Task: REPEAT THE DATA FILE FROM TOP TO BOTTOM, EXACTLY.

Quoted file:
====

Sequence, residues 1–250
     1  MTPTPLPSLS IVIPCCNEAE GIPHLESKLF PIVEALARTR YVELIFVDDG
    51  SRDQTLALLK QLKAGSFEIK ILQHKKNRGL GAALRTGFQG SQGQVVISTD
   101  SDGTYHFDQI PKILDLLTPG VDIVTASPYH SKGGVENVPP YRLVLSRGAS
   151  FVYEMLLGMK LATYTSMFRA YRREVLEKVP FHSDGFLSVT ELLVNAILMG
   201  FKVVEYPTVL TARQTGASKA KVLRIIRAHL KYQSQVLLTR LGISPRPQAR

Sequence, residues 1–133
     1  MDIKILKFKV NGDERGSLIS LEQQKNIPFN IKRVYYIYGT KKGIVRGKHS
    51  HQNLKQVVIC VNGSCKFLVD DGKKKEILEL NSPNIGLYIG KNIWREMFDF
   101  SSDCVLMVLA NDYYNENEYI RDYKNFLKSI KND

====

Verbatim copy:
Sequence, residues 1–250
     1  MTPTPLPSLS IVIPCCNEAE GIPHLESKLF PIVEALARTR YVELIFVDDG
    51  SRDQTLALLK QLKAGSFEIK ILQHKKNRGL GAALRTGFQG SQGQVVISTD
   101  SDGTYHFDQI PKILDLLTPG VDIVTASPYH SKGGVENVPP YRLVLSRGAS
   151  FVYEMLLGMK LATYTSMFRA YRREVLEKVP FHSDGFLSVT ELLVNAILMG
   201  FKVVEYPTVL TARQTGASKA KVLRIIRAHL KYQSQVLLTR LGISPRPQAR

Sequence, residues 1–133
     1  MDIKILKFKV NGDERGSLIS LEQQKNIPFN IKRVYYIYGT KKGIVRGKHS
    51  HQNLKQVVIC VNGSCKFLVD DGKKKEILEL NSPNIGLYIG KNIWREMFDF
   101  SSDCVLMVLA NDYYNENEYI RDYKNFLKSI KND